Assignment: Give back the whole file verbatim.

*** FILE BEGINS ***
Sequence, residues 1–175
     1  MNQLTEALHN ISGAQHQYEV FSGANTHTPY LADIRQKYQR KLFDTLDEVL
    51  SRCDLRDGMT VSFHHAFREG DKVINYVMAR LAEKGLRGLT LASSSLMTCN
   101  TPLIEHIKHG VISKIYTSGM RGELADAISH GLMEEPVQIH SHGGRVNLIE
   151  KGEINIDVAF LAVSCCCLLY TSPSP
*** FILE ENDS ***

Sequence, residues 1–175
     1  MNQLTEALHN ISGAQHQYEV FSGANTHTPY LADIRQKYQR KLFDTLDEVL
    51  SRCDLRDGMT VSFHHAFREG DKVINYVMAR LAEKGLRGLT LASSSLMTCN
   101  TPLIEHIKHG VISKIYTSGM RGELADAISH GLMEEPVQIH SHGGRVNLIE
   151  KGEINIDVAF LAVSCCCLLY TSPSP